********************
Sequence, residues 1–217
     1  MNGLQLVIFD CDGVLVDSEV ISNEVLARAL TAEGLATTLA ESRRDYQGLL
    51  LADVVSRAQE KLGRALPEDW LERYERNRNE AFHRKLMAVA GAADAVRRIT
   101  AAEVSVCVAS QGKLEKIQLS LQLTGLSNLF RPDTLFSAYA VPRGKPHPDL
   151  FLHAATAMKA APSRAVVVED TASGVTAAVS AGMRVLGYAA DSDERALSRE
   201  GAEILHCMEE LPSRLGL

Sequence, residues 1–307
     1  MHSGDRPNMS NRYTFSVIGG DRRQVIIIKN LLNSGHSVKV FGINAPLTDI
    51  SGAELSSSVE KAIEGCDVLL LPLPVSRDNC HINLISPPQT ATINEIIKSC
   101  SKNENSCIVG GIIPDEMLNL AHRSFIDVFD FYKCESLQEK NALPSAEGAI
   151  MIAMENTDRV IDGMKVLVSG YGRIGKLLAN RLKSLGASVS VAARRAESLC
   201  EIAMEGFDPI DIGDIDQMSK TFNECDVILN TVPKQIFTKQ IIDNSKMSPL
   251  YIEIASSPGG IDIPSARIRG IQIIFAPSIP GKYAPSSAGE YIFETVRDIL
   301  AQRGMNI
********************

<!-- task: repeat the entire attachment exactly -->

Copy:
Sequence, residues 1–217
     1  MNGLQLVIFD CDGVLVDSEV ISNEVLARAL TAEGLATTLA ESRRDYQGLL
    51  LADVVSRAQE KLGRALPEDW LERYERNRNE AFHRKLMAVA GAADAVRRIT
   101  AAEVSVCVAS QGKLEKIQLS LQLTGLSNLF RPDTLFSAYA VPRGKPHPDL
   151  FLHAATAMKA APSRAVVVED TASGVTAAVS AGMRVLGYAA DSDERALSRE
   201  GAEILHCMEE LPSRLGL

Sequence, residues 1–307
     1  MHSGDRPNMS NRYTFSVIGG DRRQVIIIKN LLNSGHSVKV FGINAPLTDI
    51  SGAELSSSVE KAIEGCDVLL LPLPVSRDNC HINLISPPQT ATINEIIKSC
   101  SKNENSCIVG GIIPDEMLNL AHRSFIDVFD FYKCESLQEK NALPSAEGAI
   151  MIAMENTDRV IDGMKVLVSG YGRIGKLLAN RLKSLGASVS VAARRAESLC
   201  EIAMEGFDPI DIGDIDQMSK TFNECDVILN TVPKQIFTKQ IIDNSKMSPL
   251  YIEIASSPGG IDIPSARIRG IQIIFAPSIP GKYAPSSAGE YIFETVRDIL
   301  AQRGMNI